Critical Illness Insurance - Benefit Eligibility Selection

October 08, 2012| By Steve Rowley | Critical Illness | English

Region: North America

When developing a Critical Illness insurance product, many important decisions must be made. Unlike other forms of insurance, Critical Illness insurance is unique in that insurers must decide which conditions to cover when developing their product. This exercise can be the simplest part of the product development process or one of the most complex. Nearly every Critical Illness policy covers the core benefit eligibility triggers of Invasive Cancer, Heart Attack, Stroke, End Stage Renal Disease, and Major Organ Transplant. In addition, most policies provide partial payments for Carcinoma In-Situ, Coronary Artery Angioplasty and Coronary Artery Bypass Grafting.

Beyond that, a number of insurers offer additional benefit eligibility triggers that may include such conditions as Paralysis, Severe Burns and Loss of Vision. Each may make sense, depending upon the insurers’ market. For instance, including Paralysis makes perfect conceptual sense when the insurer plans to co-market Critical Illness with its Disability Product.

Regardless of the Benefit Eligibility Trigger under consideration, insurers may benefit from evaluating any proposed trigger against the following criteria before deciding to include it in their offering:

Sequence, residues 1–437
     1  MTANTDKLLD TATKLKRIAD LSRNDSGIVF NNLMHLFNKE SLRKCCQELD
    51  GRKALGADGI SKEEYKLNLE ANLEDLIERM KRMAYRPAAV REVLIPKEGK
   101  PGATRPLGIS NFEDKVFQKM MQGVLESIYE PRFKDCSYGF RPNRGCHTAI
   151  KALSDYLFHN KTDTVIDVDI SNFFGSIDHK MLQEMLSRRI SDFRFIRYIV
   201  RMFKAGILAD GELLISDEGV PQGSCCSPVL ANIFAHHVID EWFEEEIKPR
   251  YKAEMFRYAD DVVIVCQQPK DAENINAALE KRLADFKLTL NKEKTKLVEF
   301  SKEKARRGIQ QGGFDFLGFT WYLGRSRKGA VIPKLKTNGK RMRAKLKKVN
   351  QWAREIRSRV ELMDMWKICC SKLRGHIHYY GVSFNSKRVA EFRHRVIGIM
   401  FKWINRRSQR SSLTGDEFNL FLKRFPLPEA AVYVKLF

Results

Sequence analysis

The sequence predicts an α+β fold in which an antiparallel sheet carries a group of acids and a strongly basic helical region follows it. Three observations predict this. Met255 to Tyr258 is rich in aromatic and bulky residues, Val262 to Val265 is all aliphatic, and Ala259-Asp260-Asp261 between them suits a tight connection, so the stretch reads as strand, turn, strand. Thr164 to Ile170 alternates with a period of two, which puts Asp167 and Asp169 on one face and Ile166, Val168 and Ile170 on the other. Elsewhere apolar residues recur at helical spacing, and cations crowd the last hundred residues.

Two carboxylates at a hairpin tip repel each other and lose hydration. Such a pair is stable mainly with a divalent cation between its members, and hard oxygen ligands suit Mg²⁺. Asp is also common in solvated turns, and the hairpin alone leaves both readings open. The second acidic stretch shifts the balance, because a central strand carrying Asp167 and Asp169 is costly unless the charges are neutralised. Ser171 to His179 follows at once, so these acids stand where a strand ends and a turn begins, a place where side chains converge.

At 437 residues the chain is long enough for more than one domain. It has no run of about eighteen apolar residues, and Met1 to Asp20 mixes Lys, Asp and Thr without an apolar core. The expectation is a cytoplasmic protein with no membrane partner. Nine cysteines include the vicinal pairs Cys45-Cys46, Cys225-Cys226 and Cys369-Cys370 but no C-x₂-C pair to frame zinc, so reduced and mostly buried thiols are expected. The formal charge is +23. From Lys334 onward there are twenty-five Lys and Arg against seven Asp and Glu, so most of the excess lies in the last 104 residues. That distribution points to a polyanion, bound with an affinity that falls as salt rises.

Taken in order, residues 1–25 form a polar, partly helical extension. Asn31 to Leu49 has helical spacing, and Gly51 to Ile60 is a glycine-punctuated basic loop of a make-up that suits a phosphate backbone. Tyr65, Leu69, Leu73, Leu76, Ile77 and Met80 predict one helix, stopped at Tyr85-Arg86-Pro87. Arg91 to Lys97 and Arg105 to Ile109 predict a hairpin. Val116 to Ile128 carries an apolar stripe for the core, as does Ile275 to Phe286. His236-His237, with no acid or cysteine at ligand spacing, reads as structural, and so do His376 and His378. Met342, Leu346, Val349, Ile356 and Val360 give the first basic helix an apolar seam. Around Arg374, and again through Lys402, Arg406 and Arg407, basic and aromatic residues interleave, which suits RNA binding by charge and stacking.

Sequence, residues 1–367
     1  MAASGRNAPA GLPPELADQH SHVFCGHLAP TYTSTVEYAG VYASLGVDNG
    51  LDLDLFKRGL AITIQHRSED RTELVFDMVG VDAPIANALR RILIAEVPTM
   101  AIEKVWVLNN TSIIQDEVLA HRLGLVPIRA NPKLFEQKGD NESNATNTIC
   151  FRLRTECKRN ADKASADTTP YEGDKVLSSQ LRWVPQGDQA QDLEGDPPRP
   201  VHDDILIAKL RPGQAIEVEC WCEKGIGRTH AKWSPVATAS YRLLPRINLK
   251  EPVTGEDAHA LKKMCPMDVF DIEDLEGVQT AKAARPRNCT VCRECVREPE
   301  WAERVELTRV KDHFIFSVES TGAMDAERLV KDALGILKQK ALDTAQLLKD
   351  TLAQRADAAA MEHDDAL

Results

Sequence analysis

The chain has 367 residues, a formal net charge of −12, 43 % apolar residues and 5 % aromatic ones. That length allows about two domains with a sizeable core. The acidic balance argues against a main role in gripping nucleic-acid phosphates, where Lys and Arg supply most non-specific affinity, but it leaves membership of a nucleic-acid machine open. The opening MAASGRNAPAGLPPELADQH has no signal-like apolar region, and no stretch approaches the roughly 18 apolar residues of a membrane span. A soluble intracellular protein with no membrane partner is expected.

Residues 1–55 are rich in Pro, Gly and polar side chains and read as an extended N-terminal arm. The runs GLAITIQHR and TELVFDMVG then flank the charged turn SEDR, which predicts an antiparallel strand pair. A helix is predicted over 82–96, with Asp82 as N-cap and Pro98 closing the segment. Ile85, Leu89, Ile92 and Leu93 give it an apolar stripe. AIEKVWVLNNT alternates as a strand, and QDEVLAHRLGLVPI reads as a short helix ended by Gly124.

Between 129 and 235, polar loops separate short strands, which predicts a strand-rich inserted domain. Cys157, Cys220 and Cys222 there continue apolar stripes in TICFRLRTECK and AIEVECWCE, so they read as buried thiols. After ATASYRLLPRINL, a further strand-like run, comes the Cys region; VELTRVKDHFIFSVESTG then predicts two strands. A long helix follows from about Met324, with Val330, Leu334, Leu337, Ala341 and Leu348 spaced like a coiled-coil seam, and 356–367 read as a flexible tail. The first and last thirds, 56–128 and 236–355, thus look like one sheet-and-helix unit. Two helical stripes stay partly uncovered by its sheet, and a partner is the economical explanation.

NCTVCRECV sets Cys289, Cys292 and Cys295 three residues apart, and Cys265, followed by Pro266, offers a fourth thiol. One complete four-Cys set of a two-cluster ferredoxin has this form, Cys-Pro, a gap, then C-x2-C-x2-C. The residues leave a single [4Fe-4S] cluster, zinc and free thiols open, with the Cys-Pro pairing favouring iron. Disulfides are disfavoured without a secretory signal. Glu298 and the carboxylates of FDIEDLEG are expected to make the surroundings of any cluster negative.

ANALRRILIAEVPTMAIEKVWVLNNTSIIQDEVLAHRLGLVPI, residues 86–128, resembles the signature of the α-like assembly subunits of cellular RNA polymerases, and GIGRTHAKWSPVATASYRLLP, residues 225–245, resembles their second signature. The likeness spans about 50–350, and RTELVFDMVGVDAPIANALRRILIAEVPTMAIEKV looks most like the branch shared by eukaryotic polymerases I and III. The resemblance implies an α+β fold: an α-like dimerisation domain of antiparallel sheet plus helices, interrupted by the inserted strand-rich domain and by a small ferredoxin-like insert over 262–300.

1. Is the condition normally “critical”? Is it a significant medical event that would likely have considerable financial consequences for the insured?
  2. Can the condition be well defined? Will the consumer understand exactly what they are purchasing and will the insurer have a firm understanding of what it is they are pricing?
  3. Can reliable incidence rates be developed?  Are there good population incidence rates that can be studied in order to help price the risk?
  4. Can the risk be appropriately underwritten? Do we have the tools to determine if the proposed insured has had the condition or is highly predisposed to it? Can we screen out those who are selecting against us?
  5. Can the benefit eligibility be objectively determined at time of claim? Will our claims departments be able to properly adjudicate the claim, paying all that should be paid and denying those that don’t meet the criteria?
  6. Will inclusion of this benefit likely have a favorable impact on sales? Will more people purchase the policy because the trigger is included? If so, will these be the right people?

If the answer to all of the above criteria is “Yes,” then this may well be a benefit that makes sense to include in your Critical Illness policy. If any of the above criteria are not met, insurers may want to reassess inclusion of the eligibility trigger.

Continue to check back for more blog entries that will walk through the continuum of Critical Illness insurance issues.


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